But the other day I was blessed with an insight. Perhaps I do not need to choose, I can simply delay. By chunking down my life into 5 or 10 year chunks, I can dedicate myself to each topic of interest in each chunk, knowing that still leaves me the freedom to pursue a career change or new revenue stream in the next slot of time. I’ve generally been adverse to making 10 year, X year or life-long plans, feeling that they restrict me in some way. As the saying goes, “life is what happens to us while we are busy making other plans”, However, I now realise that such a plan actually helps me gain a sense of freedom, just by knowing that I can explore all my interests at some point along my timeline.

Michelle Obama left her job so her husband could be president. Now it’s her turn to shine.”

The “chunking down” approach can also work when in a partnership. Michelle Obama supported her husband’s “pet project” of merely becoming President of the most powerful country in the world , knowing in time it would be her turn to dominate. The Obamas have what Hanna Rosin terms as a “see-saw marriage”, where each partner takes it in turns to support the other in their chosen career path, allowing space for both partners to succeed.

8. SATISFICE MORE THAN MAXIMISE

Do you tend to be a Satisficer or Maximiser? I first came across these two terms whilst reading Successful Women Think Differently, and realised that I tended to be more of a Maximiser, aiming to make the best possible decision for each and every choice. This could mean hours of research and deliberation to choose anything from “the right” vacuum cleaner, to the right shade of magnolia paint for my bedroom wall. When I learnt about the benefits of satisficing – I was freed from the shackles of this perfectionist habit – of drawn out decision-making over relatively trivial matters. I could simply set minimum criteria, that once satisfied, could free up my energy for decisions requiring and deserving of more time – where a Maximiser approach would be more beneficial. For example, when buying a new toothpaste, as long as it’s within my price range, is suitable for sensitive teeth, and has a minty flavour, I can pick the first one I see that satisfies this criteria, and move on, without any further deliberation.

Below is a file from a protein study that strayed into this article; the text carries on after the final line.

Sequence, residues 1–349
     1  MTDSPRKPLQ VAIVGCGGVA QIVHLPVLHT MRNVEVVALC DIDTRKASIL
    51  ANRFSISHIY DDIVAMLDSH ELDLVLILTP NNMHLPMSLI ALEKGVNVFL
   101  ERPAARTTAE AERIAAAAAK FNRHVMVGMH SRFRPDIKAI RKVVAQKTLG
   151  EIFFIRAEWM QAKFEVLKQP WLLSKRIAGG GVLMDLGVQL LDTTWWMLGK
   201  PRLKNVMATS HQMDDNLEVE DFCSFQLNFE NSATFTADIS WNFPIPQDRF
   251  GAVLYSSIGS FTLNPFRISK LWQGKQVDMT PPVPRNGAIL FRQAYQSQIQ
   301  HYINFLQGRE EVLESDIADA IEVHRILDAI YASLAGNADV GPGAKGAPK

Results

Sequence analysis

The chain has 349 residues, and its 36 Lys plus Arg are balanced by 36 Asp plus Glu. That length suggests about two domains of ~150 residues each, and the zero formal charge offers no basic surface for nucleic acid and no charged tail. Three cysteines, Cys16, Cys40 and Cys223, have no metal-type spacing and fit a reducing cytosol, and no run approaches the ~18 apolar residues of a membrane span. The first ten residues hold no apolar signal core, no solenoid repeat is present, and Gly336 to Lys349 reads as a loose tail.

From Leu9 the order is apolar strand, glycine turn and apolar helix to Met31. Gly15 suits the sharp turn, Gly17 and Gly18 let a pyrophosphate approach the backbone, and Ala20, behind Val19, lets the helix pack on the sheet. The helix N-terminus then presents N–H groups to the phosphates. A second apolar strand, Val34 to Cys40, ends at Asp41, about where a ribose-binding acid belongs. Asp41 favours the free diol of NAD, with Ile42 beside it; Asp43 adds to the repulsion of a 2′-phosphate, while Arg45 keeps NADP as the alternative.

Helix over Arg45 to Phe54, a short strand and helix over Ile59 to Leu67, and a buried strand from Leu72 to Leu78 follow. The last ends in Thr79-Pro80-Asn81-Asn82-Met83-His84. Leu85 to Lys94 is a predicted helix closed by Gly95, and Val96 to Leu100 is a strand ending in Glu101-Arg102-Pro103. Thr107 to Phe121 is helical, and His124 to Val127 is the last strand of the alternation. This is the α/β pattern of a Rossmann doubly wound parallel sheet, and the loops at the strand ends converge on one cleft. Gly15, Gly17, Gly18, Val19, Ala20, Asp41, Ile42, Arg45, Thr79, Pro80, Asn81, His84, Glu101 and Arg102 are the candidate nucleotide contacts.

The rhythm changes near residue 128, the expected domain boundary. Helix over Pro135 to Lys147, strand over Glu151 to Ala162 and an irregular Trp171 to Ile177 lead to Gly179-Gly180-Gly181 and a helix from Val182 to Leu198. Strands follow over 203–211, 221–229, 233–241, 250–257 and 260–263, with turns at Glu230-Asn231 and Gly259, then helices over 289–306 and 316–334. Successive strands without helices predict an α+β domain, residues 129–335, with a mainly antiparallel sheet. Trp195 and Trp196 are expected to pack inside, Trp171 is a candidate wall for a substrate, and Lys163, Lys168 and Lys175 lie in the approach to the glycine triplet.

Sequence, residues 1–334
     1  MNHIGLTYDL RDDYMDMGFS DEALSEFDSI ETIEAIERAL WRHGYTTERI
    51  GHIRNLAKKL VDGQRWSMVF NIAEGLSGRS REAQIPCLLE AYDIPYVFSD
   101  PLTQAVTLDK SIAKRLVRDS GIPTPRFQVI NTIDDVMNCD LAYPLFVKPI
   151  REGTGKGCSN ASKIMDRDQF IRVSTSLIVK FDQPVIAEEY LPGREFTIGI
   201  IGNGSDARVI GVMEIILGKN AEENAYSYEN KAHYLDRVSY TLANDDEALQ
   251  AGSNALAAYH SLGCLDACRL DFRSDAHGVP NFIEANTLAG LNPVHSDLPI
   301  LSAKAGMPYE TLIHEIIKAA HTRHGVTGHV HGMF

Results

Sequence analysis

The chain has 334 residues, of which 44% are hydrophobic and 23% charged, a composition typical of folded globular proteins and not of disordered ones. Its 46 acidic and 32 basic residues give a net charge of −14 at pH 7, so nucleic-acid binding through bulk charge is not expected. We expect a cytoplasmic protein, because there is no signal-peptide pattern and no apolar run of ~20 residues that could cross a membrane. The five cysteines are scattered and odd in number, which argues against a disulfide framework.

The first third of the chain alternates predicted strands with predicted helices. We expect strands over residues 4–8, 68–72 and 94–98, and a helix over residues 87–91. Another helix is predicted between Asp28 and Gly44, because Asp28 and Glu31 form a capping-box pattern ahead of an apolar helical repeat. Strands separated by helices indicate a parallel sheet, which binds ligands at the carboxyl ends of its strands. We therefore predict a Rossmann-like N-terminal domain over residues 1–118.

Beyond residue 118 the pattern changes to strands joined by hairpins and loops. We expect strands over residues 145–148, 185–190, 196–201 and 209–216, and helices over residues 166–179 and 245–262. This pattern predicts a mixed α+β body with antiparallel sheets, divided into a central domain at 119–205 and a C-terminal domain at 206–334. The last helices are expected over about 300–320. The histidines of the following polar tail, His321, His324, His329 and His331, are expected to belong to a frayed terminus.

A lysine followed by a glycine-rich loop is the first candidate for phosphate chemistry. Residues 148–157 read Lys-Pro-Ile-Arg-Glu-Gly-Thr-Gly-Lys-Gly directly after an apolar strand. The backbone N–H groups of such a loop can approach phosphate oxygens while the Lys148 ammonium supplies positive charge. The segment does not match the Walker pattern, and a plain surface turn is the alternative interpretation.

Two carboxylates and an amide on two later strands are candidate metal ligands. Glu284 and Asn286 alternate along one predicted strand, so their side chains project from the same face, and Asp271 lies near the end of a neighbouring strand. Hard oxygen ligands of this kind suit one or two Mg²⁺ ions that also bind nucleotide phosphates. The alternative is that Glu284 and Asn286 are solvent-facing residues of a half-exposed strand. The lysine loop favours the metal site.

Obama, alike Steve Jobs, adopted the Satisficer approach in setting limits on his wardrobe. In setting simple criteria – only wearing tailored, single breasted grey or blue suits each day – he freed up valuable bandwidth for the not so trivial decisions to be made in his role as President of the United States of America.